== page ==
See below corkscrew,
Device (also corkscrew or graft puller) for removing the cork from the bottle neck. The cork became the most common bottle stopper in Europe from the middle of the 17th century. Initially, the corks were not completely pushed into the bottle neck, making removal a little easier. The first primitive devices were small, pointed ice spikes, with which the cork was often removed piece by piece. The T-corkscrew named after the shape is the oldest and most common variant and only consists of a spiral that is attached to the cross handle. The corkscrew was first mentioned in 1681, the English term "corkscrew" was coined around 1720. Until then, "Worm" (worm) or "Bottlescrew" was also used. If the spiral has a so-called “soul” as in the picture on the right (so that a match fits into the inner winding), this is called a helix. The soul prevents the cork from crumbling.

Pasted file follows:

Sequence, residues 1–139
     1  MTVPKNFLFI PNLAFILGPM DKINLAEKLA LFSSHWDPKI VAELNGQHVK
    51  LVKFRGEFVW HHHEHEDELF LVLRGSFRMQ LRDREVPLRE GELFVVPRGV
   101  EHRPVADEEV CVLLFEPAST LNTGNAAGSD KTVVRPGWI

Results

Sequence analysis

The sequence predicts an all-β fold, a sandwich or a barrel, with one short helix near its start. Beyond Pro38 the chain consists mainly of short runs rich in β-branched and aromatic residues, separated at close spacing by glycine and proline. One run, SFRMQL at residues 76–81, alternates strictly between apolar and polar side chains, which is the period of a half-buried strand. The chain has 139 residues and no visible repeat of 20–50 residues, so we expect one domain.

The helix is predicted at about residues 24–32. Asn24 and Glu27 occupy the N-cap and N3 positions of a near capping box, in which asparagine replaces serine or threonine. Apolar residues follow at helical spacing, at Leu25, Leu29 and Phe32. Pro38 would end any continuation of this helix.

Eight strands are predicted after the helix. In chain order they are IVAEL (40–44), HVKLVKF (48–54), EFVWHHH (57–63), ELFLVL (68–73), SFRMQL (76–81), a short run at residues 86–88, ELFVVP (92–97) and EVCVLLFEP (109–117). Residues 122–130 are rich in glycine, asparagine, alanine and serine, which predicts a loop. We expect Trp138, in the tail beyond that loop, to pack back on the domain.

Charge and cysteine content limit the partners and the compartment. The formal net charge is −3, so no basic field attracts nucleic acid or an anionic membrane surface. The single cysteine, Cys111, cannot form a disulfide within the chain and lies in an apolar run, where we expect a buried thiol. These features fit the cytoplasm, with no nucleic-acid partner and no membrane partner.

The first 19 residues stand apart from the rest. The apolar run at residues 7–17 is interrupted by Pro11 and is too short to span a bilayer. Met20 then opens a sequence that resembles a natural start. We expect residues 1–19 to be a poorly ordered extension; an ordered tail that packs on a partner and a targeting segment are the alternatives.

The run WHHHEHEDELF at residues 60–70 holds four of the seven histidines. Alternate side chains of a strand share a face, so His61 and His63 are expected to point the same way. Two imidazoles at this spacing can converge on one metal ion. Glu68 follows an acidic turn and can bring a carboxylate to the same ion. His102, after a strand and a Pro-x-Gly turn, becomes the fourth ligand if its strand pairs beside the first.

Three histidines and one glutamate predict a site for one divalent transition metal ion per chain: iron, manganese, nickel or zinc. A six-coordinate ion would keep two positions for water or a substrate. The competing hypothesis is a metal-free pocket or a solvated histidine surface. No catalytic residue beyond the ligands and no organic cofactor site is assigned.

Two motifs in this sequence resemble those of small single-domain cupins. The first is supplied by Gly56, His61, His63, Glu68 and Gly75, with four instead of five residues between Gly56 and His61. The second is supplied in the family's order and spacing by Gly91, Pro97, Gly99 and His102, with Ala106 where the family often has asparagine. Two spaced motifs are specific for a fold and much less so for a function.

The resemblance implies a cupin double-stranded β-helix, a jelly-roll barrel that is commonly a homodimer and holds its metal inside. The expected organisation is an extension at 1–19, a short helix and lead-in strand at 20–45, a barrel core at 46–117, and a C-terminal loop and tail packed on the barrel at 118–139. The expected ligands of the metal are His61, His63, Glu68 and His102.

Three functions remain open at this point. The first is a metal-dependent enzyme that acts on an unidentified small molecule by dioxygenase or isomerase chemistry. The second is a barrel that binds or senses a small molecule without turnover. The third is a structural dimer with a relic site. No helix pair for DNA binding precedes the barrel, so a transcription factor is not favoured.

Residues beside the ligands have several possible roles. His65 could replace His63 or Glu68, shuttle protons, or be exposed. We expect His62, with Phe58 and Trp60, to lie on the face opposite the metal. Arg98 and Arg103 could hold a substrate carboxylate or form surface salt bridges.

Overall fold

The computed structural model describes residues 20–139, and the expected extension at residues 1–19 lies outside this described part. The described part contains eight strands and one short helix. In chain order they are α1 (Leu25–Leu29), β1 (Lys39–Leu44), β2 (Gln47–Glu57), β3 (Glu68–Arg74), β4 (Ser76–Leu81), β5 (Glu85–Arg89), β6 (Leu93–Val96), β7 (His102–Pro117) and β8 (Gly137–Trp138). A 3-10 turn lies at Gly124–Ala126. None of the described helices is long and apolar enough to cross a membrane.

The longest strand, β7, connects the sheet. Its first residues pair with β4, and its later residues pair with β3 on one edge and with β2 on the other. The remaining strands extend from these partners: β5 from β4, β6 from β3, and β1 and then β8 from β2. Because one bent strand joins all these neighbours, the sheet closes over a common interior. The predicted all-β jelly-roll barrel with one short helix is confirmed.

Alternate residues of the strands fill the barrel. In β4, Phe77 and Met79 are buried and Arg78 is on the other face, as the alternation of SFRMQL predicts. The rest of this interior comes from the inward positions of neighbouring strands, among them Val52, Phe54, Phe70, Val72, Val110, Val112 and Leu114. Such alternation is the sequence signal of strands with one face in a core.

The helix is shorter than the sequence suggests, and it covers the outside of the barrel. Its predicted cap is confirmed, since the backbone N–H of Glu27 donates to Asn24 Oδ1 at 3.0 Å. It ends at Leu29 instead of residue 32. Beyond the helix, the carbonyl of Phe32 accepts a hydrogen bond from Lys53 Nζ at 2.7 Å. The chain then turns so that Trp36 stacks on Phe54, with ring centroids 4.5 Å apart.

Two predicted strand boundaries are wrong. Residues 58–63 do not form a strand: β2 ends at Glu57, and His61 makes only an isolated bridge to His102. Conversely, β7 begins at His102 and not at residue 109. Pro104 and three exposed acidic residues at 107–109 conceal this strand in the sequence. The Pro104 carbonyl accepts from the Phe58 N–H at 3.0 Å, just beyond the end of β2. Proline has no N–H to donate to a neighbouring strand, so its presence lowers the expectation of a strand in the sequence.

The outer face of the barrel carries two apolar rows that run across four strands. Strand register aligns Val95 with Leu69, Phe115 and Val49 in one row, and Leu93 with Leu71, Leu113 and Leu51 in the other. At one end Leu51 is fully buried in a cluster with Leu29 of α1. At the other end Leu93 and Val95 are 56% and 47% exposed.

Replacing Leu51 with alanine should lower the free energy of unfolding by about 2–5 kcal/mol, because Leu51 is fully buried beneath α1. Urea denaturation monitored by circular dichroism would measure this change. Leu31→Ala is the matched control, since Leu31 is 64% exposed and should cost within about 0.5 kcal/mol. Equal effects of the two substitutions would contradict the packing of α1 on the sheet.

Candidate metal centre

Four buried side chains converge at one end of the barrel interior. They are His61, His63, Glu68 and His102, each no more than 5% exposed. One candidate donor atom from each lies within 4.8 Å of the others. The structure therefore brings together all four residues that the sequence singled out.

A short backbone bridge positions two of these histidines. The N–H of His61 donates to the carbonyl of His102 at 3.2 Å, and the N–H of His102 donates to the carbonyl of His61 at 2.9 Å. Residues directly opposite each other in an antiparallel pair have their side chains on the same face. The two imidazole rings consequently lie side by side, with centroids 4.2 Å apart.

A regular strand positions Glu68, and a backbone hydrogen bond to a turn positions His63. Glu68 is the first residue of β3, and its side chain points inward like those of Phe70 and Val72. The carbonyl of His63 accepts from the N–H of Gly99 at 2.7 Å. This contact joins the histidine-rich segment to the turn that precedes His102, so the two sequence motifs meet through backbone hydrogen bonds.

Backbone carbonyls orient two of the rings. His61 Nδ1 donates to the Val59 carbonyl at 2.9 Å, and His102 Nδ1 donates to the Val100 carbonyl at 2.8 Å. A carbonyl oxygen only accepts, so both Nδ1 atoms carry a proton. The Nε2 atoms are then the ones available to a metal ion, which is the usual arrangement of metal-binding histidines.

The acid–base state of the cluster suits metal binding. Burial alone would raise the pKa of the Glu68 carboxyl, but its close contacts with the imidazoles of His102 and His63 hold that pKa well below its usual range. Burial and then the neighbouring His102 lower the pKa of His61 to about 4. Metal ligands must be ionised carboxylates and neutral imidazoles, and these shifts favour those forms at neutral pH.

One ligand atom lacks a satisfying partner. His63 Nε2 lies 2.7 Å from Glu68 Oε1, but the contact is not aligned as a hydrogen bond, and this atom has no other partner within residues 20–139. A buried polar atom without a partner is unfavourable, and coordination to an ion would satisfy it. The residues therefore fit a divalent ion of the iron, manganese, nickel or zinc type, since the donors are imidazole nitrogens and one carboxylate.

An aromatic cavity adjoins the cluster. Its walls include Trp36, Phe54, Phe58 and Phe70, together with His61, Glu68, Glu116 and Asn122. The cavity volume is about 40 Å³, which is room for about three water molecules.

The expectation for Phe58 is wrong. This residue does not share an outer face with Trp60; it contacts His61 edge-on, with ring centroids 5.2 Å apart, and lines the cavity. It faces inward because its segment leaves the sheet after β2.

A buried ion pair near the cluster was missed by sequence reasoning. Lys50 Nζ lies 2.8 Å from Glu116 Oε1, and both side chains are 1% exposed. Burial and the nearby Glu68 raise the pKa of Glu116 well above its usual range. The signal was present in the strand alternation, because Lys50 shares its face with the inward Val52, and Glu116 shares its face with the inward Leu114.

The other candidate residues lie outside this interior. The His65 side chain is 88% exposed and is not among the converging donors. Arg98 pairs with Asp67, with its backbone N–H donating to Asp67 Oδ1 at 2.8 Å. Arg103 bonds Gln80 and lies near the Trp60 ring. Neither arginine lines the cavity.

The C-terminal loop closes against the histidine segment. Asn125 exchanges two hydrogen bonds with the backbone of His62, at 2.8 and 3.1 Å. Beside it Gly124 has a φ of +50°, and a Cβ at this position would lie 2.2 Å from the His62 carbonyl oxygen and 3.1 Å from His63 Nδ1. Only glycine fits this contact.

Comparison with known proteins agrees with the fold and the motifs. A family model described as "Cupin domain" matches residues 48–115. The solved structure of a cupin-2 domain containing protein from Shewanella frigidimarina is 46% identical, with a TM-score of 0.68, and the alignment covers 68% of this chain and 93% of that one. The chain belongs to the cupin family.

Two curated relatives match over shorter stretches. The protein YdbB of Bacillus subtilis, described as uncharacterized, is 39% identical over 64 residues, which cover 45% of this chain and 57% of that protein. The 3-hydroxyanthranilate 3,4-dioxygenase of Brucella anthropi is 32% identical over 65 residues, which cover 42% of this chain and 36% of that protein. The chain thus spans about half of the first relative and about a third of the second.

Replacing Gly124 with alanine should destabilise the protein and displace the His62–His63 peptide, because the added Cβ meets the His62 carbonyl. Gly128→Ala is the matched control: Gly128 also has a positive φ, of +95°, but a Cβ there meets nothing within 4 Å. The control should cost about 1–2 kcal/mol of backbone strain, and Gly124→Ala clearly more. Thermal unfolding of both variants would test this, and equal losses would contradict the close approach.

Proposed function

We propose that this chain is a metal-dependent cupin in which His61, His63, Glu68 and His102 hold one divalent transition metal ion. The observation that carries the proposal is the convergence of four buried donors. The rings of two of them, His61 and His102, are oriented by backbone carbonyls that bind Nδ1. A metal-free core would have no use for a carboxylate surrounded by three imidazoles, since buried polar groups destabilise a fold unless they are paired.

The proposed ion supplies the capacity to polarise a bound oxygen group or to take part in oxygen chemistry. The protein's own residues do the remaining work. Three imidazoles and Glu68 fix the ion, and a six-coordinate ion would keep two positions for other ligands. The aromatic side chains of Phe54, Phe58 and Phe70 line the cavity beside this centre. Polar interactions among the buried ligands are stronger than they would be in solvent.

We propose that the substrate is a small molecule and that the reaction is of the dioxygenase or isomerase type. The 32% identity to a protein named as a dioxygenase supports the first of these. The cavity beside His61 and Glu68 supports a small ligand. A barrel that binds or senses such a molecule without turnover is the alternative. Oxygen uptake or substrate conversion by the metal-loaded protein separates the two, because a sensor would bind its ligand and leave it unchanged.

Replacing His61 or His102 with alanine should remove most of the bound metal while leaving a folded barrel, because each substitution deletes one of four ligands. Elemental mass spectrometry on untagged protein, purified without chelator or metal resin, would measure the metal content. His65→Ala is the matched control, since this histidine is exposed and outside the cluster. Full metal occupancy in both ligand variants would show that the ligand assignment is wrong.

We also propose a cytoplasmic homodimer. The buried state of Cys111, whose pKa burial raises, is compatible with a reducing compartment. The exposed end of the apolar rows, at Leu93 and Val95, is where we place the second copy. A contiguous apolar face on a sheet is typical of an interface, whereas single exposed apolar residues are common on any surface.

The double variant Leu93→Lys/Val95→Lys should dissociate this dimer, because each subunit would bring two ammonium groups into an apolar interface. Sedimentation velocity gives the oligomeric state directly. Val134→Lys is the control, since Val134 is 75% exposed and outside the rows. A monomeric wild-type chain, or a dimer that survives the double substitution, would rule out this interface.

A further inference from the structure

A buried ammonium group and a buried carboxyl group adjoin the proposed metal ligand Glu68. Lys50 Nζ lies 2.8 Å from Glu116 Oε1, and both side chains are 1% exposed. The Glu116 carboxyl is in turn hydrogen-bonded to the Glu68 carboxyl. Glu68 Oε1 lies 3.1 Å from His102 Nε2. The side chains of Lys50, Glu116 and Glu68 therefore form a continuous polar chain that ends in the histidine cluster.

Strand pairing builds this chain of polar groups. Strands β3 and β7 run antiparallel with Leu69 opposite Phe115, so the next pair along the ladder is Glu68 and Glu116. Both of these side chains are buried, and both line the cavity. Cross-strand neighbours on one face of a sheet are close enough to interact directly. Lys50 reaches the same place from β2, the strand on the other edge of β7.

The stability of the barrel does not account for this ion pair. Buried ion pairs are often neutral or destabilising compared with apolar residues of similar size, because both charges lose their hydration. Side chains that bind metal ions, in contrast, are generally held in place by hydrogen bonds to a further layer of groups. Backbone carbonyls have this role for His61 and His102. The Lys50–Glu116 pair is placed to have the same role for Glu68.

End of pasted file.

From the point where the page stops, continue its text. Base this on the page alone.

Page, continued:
In the second half of the eighteenth century there were the first bell corkscrews in which the process of pulling was gently supported using a threaded rod. The Englishman Samuel Hershaw filed his patent in 1795. A small disc located above the spiral stopped the screwing movement of the corkscrew into the cork and set the cork in rotation. The reduced friction of the cork on the bottle neck allows the cork to be pulled gently. An improved version was developed in 1802 by his compatriot Edward Thomason. His patent continued the turning movements of screwing in and initiated the pulling process via a second, counter-rotating shaft thread. In the wooden variant shown on the right, the spindle is turned into the cork with the upper cross handle. When it is fully screwed in, the cork is pulled out through the thread using the lower cross handle.
There are countless variants of the scissor corkscrew (also joint, link or accordion corkscrew). The first of its kind was patented in England in 1884 by Marshall Arthur Wier. Improved...